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Buy from Amazon

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Columbia TriStar Home Video presents
Glory Daze (1996)

"The bitch about getting older, you know, you don't fling yourself into love and friendships the way you did before you got hurt. That's a damn shame."
- Jack (Ben Affleck)

Review By: Kevin Clemons   
Published: February 10, 2003

Stars: Ben Affleck, Sam Rockwell, Alyssa Milano
Other Stars: Matt Damon, Spaulding Gray, French Stewart, John Rhys Davies, Megan Ward, Matthew McConaughey, Brendan Fraser
Director: Rich Wilkes

Manufacturer: DVDL
MPAA Rating: R for language, nudity,
Run Time: 01h:39m:41s
Release Date: February 11, 2003
UPC: 043396085596
Genre: comedy


Style
Grade
Substance
Grade
Image Transfer
Grade
Audio Transfer
Grade
Extras
Grade
C+ BC+C+ B-

DVD Review

The problem with adulthood is that at some point it becomes something more than a spot on the horizon. For me, the thought of finishing college and thus being propelled into the real world with a job, family, and responsibilities is scary. And not "I can't find my keys" scary, but "there is no beer left in the fridge" scary. Oh well, life changes and sometimes it feels as if we were on a roller coaster with our hands in the air. For those who share my frightened outlook on life after college, you too may find solace and comfort in Glory Daze, a film with characters that have fears that make mine look tame in comparison.

Glory Daze tells the story of four roommates who are facing the end of their college lives, and unfortunately none of them have plans beyond graduation day. Jack (Affleck) is a party guy who, amidst numerous girlfriends and disappointed parents, is on track to graduate in two days. Dennis (Stewart) is a professional student and acts as a father figure to his roommates. Rob (Rockwell) is a ladies man with a permanent attachment in Joanie (Ward), while Slosh (Vien Hong) and Mickey (DeRamus) are outsiders looking for a way in. Add to this, parties, talks about prolonging their college lives as a way to avoid the real world, and the required fraternity party and you have Glory Daze.

In the pantheon of the "slackers hanging on for one last inch of college" genre films such as Reality Bites and Animal House, Glory Daze rests as simply a mediocre entry as it does nothing to improve upon what has already been done. Screenwriter/director Rich Wilkes has an ear for catchy dialogue; Jack, in particular, is given some truly terrific one-liners, but his grasp of human emotion and comedic situations is lacking severely. Another flaw of the film is that nothing happens that propels what shell there is of a plot along towards a satisfying conclusion.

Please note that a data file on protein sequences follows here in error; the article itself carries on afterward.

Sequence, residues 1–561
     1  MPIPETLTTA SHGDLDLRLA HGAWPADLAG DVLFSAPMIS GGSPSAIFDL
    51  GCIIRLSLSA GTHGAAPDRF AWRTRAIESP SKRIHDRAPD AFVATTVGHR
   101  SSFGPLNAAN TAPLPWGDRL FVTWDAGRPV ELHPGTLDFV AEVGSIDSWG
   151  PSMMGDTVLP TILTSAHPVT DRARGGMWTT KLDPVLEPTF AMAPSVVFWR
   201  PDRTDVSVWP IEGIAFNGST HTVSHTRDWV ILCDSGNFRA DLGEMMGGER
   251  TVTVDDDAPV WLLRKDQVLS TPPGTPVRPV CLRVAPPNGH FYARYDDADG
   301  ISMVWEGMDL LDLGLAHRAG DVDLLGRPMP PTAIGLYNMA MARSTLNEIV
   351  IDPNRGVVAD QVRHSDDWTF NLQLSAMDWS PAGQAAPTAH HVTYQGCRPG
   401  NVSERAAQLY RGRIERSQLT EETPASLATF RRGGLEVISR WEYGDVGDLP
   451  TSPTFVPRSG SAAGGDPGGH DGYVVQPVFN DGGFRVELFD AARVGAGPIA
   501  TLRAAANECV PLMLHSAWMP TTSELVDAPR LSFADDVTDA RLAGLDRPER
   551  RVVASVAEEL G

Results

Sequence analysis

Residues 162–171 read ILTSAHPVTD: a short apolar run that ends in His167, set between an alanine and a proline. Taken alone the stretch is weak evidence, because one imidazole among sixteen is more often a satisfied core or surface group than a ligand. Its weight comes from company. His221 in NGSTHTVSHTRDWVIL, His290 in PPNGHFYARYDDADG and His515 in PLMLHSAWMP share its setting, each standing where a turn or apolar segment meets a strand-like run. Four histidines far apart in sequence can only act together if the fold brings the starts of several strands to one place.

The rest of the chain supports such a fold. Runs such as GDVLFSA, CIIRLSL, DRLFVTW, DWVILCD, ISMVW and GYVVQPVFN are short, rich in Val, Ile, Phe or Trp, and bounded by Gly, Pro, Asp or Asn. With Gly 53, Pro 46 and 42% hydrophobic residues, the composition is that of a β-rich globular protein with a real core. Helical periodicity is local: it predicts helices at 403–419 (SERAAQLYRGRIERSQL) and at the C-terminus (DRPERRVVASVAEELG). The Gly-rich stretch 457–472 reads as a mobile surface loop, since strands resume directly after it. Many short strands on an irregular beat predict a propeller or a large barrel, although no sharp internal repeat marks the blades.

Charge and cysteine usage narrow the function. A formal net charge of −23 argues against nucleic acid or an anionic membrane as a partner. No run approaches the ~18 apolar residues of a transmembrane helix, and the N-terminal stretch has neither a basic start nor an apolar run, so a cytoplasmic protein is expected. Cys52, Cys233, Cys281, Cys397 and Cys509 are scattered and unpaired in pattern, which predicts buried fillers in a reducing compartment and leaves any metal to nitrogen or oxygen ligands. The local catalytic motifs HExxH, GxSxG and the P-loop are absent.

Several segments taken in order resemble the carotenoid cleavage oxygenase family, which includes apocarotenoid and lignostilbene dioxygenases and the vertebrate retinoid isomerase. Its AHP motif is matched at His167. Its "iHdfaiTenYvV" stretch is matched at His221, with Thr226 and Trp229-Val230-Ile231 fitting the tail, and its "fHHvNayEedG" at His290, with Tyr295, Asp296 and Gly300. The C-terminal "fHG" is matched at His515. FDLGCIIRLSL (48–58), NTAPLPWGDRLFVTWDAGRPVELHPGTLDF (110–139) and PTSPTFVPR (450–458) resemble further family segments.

The saving grace for Glory Daze is that college students and recent grads alike may well identify with the characters Wilkes has crafted. Giving the credit to the script is a tad unfair as it is in the performances by the terrific cast that the characters grow into something more than stereotypes. Affleck, who made the film before Chasing Amy and Good Will Hunting propelled him to superstardom, is wonderful as Jack, a likeable jerk he pulls off with aplomb. Stewart and Rockwell each match Affleck note for note with their performances and comedic timing. As a side note, I watched Glory Daze shortly after I viewed Confessions of a Dangerous Mind in theaters and I am comfortable in saying that if Rockwell does not at some point become a huge star there is simply no justice.

Look for surprising cameos from the likes of Brendan Fraser, Matt Damon, Matthew McConaughey, Alyssa Milano, Spaulding Gray, and John Rhys-Davies.



Rating for Style: C+
Rating for Substance: B

 

Image Transfer

 OneTwo
Aspect Ratio1.85:1 - Widescreen1.33:1 - Full Frame
Original Aspect Ratioyesno
Anamorphicyesno


Image Transfer Review: The 1.85:1 anamorphic transfer for Glory Daze is hard to judge given the low budget for the film. Shot on what appears to be 16mm film stock, the transfer shows no real sharpness or detail to speak of and the colors fail to stand out from each other. The print that was used yields some flaws, and edge enhancement and moiring are evident in several scenes.

A slightly cropped 1.33:1 transfer is also available on this RSDL disc.

Image Transfer Grade: C+

 

Audio Transfer

 LanguageRemote Access
DS 2.0Englishyes


Audio Transfer Review: Though the packaging boasts a Dolby Digital 5.1 transfer, Glory Daze is in fact presented in a lackluster Dolby Surround mix. Dialogue sounds fine, though it was not as crisp and defined as I had hoped. The surround and left and right speakers are given little to do.

Audio Transfer Grade: C+

 

Disc Extras

Static menu
Scene Access with 28 cues and remote access
Subtitles/Captions in English, French with remote access
3 Other Trailer(s) featuring Adaptation, Punch Drunk Love, and Stealing Harvard
Packaging: Alpha
Picture Disc
1 Disc
1-Sided disc(s)
Layers: RSDL

Extras Review: Trailers for Adaptation, Punch Drunk Love, and Stealing Harvard are offered in Dolby Digital 5.1 and anamorphic widescreen. The trailer section is worth visiting as it offers a glimpse at two of the smartest and funniest films of the past decade. No, the latter is not one of them.

Extras Grade: B-

 

Final Comments

The only thing that sets Glory Daze apart from the crowd of so many other films that milk the same jokes for unsatisfying results is the cast, who lend it a sort of unique charm. It is worth owning simply for the many stars of today that were then beginners. I wouldn't dare compare this film to American Graffiti in any respect, but hey, it is fun to look at just how Ben Affleck’s hair has progressed.

 


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